Milan is the city where Leonardo da Vinci stayed the longest, arriving in 1482 to work at the court of Duke Ludovico Sforza. The polymath’s presence permanently marked the history and artistic production of the city and the entire region of Lombardy. This is the reason why Milano celebrates 500 years from Leonardo’s death, with a series of events that will take place until January 2020, and will have the Sforza Castle as main hub.

The reopening of the Sala delle Asse, core of "Milan and Leonardo 500,” took place on  May 15th, presenting a rich and dynamic program of exhibitions and related initiatives. The restoration that began in 2013 has now come to completion, revealing a mulberry pergola, designed as a giant trompe l'oeil to turn the large room at the base of the Falconiera Tower into a representative hall for the Duke. It further portrays the mighty roots, known as the ‘Monochrome,’ named after its chiaroscuro painting technique. It is a remarkable graphic and pictorial depiction of the magnificent pergola made up of sixteen mulberry trees, characterized by detailed knotty trunks, landscapes, branches and leaves that keep resurfacing, thus changing the room’s perception.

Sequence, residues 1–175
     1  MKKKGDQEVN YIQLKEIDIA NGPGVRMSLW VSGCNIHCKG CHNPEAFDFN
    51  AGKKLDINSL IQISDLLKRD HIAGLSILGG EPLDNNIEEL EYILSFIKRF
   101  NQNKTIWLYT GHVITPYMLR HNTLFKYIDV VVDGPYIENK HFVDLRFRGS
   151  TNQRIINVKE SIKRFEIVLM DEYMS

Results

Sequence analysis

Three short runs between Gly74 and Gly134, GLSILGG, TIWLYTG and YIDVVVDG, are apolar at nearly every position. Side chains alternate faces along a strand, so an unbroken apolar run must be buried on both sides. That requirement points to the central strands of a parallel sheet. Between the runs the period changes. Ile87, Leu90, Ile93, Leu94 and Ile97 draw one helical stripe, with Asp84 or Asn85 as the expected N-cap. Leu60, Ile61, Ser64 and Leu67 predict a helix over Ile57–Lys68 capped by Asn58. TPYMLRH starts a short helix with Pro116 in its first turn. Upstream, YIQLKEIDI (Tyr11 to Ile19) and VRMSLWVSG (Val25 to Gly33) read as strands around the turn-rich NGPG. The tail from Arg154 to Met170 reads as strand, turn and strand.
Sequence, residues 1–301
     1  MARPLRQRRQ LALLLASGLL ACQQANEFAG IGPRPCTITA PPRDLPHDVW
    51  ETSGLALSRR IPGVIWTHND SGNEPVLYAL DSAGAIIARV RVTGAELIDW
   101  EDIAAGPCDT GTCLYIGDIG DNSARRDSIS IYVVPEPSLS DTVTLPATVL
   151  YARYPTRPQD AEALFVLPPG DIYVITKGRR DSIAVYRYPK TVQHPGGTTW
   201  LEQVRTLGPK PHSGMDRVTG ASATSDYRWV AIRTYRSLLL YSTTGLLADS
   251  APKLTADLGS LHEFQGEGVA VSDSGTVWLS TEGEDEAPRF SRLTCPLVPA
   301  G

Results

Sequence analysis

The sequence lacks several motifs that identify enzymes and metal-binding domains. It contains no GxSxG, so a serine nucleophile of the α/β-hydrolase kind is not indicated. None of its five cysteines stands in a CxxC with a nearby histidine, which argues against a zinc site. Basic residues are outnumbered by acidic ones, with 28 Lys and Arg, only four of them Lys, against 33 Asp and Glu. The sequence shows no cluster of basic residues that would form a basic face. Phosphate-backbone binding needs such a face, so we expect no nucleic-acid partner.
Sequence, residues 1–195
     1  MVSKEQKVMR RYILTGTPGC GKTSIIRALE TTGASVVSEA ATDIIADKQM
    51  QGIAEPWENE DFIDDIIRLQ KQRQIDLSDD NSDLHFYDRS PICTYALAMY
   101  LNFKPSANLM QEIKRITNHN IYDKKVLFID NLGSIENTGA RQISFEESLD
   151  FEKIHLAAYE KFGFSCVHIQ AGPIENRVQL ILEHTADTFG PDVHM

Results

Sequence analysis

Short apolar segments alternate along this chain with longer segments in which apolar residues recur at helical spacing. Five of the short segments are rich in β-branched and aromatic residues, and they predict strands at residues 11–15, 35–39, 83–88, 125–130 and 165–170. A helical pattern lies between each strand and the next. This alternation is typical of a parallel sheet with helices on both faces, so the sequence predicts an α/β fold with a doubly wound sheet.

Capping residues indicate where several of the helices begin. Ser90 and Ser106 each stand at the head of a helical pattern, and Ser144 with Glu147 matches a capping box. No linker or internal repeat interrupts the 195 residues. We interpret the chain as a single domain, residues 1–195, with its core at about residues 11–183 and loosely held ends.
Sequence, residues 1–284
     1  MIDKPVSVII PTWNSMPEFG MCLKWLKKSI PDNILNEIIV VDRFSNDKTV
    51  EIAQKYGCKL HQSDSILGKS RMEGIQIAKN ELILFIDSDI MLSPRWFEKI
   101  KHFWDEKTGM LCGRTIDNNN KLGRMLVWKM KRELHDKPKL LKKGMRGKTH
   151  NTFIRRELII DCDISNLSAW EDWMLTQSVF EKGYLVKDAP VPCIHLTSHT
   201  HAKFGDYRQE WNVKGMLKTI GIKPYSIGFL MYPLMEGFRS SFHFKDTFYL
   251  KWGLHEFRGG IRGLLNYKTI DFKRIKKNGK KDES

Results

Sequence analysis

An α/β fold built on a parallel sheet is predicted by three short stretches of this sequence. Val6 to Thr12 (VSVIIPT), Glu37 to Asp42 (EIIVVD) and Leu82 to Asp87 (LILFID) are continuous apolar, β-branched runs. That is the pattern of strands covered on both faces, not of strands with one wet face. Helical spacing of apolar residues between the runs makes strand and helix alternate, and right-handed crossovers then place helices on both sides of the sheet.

Nature for Leonardo represented the subject of direct observation, investigations and the privileged topic of theoretical writings, paintings and drawings. This is why the natural environment is the prevailing theme in the Sala Delle Asse. Here, Leonardo painted a giant arboreal pavilion; with the mulberry tree — Morus in Latin — alluding to the nickname of Duke Ludovico Maria Sforza, who was given the epithet of Moro (Moor) by Francesco Guicciardini (one of the major political writers of the Italian Renaissance), because of his dark complexion.